I regret that the only time I ever saw and heard her live was when I was in the chorus of her Norma in Miami in 1990.  (Yes, I have to find a way to make Norma relevant to every post.  Because Norma is relevant to everything, dammit!)  She had been hugely successful in the 70s and early 80s, but had not performed as much in the late 80s. She was reportedly working on a "comeback" with bel canto repertoire. I read a review at the time of another Bellini role she'd assayed and apparently done well with.  I wish I could report her Norma was completely successful, but there were issues. No one could doubt her ability to spin an amazing vocal line or her commanding stage presence, but some of the coloratura and the very high notes were problematic. The queens in the chorus dressing rooms were very cruel, but I was not among them. (I always identified with people who struggled vocally. Funny that.)

I have a bootleg recording of that performance. I also have recordings of other Normas featuring singers who would surprise you--Carol Vaness, Christine Goerke (yes, @heldenmommy, I found it), and even Ghena Dimitrova! In retrospect, knowing the show, myself, and life a little better, I really, really wish I had seen it from the audience.

An appearance on The Tonight Show with Johnny Carson:

 

I once saw another clip, possibly of the same appearance, when she sat with Johnny to schmooze, and told the story of a big debut in which she totally blanked.  Totally forgot what was coming next.  She looked at the conductor terrified, and the conductor prompted her, "Un bel di...."

Monday, October 23, 2017

Artist profile: John Kaneklides, Tenor

I've been privileged to profile singers at every level here in my humble blog, but I especially like to write about young singers on the rise. I'm not sure how I first met John Kaneklides—perhaps friends in common—but I'm glad I did. I am especially glad I've seen and heard him sing, and so are many others. The Tampa Bay Times wrote of his recent performance as Hoffmann in St. Petersburg, "John Kaneklides makes for a mesmerizing lead as the poet Hoffmann, equipped with matinee idol looks and a electric sound that continues to surprise... Kaneklides supplies oxygen from his jaunty Kleinzach aria in the opening scenes to its dark reprisal in the epilogue." Of his Rodolfo in Ohio, WOSU Public Media wrote, "John Kaneklides fell in love convincingly as Rodolfo, approached the top notes in Che gelida manina ​with no fear and proved his fine musicianship..." Opera News has called him “the very picture of youthful optimism and potential.”

Upcoming engagements include opera concerts with Amici Music in North Carolina and Gulfshore Opera in Florida, another production of Les Contes d'Hoffmann at Skylight Opera in Milwaukee, and Alfredo in La Traviata at St. Petersburg Opera. A busy season!

Would you want to add anything to the bio-blurb that’s on your web site?

I received a dual degree in music and finance. I first gave up music for a corporate career, but I realized a part of me was missing. I started taking voice lessons again and pursuing a career. When I was granted a spot in a young artist program, I quit my job and never looked back.

I grew up in a very musical house. We listened to classical music often and I started taking violin lessons at the age of five and piano by the age of eight. When I did my first piano competition, the adjudicator was particularly impressed with my dynamic range and musicality at such a young age. That musicality has carried over to my singing, it is in my blood.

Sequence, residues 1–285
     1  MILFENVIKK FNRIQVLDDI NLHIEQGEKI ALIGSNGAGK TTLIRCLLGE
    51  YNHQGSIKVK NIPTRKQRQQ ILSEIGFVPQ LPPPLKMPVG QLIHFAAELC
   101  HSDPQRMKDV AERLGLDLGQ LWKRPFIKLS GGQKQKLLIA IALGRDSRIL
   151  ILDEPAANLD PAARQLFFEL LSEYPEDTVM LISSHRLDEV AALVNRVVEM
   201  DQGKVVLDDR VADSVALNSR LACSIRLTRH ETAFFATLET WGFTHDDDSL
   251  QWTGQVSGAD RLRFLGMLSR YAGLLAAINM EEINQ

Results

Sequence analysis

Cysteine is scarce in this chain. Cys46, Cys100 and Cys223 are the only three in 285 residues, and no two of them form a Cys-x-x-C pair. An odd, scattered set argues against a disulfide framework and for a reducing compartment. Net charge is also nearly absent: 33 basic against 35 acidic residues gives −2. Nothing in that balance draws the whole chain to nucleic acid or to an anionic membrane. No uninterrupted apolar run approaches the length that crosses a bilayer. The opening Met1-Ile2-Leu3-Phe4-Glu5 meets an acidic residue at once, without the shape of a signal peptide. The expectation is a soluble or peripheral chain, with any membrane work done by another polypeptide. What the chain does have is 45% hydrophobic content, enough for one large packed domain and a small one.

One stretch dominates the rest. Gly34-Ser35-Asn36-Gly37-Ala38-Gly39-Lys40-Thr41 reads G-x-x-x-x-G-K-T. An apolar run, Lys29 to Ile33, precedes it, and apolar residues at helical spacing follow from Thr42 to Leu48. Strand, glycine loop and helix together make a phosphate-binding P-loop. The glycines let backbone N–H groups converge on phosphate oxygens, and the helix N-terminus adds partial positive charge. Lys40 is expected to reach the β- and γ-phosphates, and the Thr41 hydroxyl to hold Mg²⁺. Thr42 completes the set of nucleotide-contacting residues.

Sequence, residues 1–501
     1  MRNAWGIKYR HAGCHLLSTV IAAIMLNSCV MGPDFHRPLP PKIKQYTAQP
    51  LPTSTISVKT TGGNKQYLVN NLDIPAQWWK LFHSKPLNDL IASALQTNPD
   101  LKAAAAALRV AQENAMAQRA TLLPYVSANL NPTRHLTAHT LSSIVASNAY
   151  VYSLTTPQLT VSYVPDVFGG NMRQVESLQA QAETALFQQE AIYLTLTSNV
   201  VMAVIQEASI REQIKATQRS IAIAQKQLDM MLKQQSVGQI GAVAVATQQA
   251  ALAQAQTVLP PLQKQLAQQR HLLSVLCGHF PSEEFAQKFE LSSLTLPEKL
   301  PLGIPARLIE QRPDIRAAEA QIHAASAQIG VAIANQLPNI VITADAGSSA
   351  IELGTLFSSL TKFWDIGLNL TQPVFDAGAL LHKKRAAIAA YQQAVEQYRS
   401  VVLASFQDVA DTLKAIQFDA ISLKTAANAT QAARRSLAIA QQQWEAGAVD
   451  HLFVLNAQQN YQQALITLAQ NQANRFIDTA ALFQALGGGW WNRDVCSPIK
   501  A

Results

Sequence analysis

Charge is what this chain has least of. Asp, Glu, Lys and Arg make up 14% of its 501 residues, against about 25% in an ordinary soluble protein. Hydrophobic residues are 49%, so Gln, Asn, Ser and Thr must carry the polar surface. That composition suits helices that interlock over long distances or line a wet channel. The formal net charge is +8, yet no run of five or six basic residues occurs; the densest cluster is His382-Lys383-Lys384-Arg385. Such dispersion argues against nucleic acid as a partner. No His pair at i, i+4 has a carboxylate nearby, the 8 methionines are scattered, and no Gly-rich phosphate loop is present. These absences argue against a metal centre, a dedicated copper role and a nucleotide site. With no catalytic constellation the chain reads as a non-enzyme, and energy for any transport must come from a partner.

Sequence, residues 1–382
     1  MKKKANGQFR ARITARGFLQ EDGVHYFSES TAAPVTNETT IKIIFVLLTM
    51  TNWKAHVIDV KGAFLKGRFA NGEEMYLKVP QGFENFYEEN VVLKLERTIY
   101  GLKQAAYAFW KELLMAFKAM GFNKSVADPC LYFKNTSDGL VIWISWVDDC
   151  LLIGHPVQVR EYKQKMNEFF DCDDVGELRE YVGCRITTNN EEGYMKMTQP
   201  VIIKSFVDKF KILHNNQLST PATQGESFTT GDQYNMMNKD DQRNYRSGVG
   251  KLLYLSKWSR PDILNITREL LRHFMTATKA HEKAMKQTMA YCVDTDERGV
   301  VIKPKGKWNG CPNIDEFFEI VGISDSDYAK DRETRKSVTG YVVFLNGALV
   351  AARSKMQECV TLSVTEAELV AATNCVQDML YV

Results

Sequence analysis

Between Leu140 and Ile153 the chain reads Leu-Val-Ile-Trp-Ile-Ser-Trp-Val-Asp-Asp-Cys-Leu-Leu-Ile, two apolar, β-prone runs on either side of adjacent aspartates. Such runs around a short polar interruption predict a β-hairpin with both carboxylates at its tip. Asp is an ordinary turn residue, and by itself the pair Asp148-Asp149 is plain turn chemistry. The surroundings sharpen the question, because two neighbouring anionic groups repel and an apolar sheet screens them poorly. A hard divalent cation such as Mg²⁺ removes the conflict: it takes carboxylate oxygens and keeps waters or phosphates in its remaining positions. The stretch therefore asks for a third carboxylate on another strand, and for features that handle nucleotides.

As Lieutenant Cable in South Pacific
Photo:  The Packinghouse Gallery
Your good looks are mentioned in reviews. Is it a distraction from what you are trying to accomplish, or a help?

The characters I typically portray are romantic leads. I don’t think of my looks as a distraction at all.  It still shocks me a bit when my looks are mentioned in a review or someone comments on them. I spent much of my life obese—as much as 100 pounds heavier!—but now fitness is a passion of mine.

I hope that I am cast primarily for my singing. It is essential to opera that the voice is of upmost importance. The Metropolitan Opera is even highlighting this in their add campaign this season—“The voice must be heard.”

If any director asked you to do nude scenes, would you do it?

It depends on the context of the show. I would have to have a long discussion with the director about whether the nudity was integral to the story we were telling. If it was, then I don’t see why not. It has been in my contract for several recent productions that I be shirtless in a production. Even that took some time to get used to. However, when I portray a character, I am sharing a bit of my soul. To me, it almost as vulnerable to share my emotions in an honest way though my voice and acting as it is being nude on stage.

As Hoffmann in Les Contes d'Hoffmann
Photo:  The Packinghouse Gallery
Have you had any kind of roadblocks to success?

I didn’t decide to go into singing full time until my mid 20’s, so I couldn’t easily follow the path most American singers take. Since I’d been in a different field for four years, I knew I needed additional training. I went back to school for my masters degree. While I was in grad school, I entered the Nico Castel International Master Singer Competition where I was fortunate to actually meet Nico and his wife, Carol. They expressed their interest in my voice and Carol offered me a role in at an opera company she runs. Later, she even invited me to live with them for a while so I could regularly study languages with Nico, audit his courses at Julliard, and listen in on his coachings. That training and support helped give me the confidence and tools needed to launch my career and move to New York.

What's your favorite role to sing?

Do I have to pick just one?!?! I love so many roles for different reasons. I love singing Edgardo (Lucia di Lammermoor), acting Hoffmann (Les Contes d’Hoffmann), and the musical language of Rodolfo (La Boheme).

Are there roles you'd love to sing that are outside of your fach?